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Designing for video: Investigating the contextual cues within viewing situations
journal contributionposted on 12.06.2014, 12:51 by Kevin Mercer, Andrew May, Val MitchellVal Mitchell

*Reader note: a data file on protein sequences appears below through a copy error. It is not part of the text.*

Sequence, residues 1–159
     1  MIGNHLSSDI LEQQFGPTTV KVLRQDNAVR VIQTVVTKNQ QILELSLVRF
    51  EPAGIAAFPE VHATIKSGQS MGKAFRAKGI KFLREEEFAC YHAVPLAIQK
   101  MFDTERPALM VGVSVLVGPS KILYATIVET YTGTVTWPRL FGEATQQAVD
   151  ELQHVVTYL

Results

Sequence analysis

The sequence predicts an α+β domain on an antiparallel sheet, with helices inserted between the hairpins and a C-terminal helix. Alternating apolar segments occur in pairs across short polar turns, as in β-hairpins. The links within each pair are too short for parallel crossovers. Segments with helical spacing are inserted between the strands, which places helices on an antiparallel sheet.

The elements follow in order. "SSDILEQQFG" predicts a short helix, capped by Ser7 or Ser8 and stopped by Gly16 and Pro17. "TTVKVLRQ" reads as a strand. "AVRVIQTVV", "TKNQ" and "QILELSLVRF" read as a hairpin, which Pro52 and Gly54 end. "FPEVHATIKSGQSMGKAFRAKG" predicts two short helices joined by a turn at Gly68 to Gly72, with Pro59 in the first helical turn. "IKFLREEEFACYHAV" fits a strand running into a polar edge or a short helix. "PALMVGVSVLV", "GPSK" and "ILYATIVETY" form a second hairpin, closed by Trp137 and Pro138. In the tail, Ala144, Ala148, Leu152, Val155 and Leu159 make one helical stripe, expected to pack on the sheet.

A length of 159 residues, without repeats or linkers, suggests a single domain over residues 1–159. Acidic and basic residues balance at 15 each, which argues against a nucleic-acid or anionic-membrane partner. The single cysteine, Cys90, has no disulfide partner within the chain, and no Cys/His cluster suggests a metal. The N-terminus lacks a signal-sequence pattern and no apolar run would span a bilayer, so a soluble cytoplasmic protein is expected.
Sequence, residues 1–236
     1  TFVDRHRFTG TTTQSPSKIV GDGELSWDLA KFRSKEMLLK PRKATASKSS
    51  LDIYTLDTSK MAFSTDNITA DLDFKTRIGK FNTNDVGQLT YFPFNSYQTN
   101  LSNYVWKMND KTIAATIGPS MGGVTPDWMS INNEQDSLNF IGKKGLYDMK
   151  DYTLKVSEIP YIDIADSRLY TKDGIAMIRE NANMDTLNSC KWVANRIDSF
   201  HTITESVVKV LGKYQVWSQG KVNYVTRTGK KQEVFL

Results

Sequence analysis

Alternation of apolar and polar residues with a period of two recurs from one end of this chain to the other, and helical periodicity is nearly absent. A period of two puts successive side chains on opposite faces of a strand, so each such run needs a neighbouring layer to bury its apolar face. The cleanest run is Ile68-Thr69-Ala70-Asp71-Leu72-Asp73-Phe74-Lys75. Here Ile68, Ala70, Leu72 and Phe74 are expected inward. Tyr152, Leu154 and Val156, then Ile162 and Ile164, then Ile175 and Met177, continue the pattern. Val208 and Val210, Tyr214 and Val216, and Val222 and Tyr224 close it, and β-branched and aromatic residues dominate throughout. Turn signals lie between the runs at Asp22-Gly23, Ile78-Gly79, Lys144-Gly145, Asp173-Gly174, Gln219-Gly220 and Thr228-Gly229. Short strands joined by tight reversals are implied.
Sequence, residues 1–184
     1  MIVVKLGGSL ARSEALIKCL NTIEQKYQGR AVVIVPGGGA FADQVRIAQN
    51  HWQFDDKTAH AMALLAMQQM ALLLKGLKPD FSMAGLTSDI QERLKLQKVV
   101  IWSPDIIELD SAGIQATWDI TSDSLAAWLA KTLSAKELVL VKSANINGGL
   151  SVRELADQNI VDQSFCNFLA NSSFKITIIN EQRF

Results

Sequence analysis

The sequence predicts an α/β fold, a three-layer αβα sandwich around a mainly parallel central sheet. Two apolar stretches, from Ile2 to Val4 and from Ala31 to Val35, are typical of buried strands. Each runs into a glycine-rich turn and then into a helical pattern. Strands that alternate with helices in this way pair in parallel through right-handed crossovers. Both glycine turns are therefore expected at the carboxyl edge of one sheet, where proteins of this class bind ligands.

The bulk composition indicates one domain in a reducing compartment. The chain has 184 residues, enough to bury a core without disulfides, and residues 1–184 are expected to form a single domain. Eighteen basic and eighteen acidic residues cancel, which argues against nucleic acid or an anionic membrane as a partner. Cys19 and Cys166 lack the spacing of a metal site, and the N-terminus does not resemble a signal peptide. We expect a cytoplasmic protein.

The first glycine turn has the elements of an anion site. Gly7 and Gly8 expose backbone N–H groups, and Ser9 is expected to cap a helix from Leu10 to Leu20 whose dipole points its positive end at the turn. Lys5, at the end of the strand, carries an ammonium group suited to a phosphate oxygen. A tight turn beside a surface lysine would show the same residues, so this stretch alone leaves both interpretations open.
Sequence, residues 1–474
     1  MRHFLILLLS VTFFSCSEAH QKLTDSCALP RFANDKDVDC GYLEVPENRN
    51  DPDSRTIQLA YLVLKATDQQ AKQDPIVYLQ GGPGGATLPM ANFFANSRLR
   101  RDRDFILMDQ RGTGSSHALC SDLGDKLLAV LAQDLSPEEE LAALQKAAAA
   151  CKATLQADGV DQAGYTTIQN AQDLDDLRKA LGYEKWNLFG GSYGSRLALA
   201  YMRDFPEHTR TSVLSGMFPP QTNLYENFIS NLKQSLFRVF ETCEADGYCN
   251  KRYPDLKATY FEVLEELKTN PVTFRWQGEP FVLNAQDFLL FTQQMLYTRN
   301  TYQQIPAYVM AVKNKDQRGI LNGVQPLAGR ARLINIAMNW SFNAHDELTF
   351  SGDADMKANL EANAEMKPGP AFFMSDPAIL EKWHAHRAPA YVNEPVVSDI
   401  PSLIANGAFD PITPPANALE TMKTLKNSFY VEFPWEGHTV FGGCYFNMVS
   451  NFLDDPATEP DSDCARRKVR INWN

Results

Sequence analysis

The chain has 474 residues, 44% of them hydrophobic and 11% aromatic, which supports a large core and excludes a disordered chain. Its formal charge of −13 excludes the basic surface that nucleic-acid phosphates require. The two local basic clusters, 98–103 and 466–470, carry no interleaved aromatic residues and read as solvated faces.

The viewing of video increasingly occurs in a wide range of public and private environments via a range of static and mobile devices. The proliferation of content on demand and the diversity of the viewing situations means that delivery systems can play a key role in introducing audiences to contextually relevant content of interest whilst maximising the viewing experience for individual viewers. However, for video delivery systems to do this, they need to take into account the diversity of the situations where video is consumed, and the differing viewing experiences that users desire to create within them. This requires an ability to identify different contextual viewing situations as perceived by users. This paper presents the results from a detailed, multi-method, user-centred field study with 11 UK-based users of video-based content. Following a review of the literature (to identify viewing situations of interest on which to focus), data collection was conducted comprising observation, diaries, interviews and self-captured video. Insights were gained into whether and how users choose to engage with content in different public and private spaces. The results identified and validated a set of contextual cues that characterise distinctive viewing situations. Four archetypical viewing situations were identified: ‘quality time’, ‘opportunistic planning’, ‘sharing space but not content’ and ‘opportunistic self-indulgence’. These can be differentiated in terms of key contextual factors: solitary/shared experiences, public/private spaces and temporal characteristics. The presence of clear contextual cues provides the opportunity for video delivery systems to better tailor content and format to the viewing situation or additionally augment video services through social media in order to provide specific experiences sensitive to both temporal and physical contexts.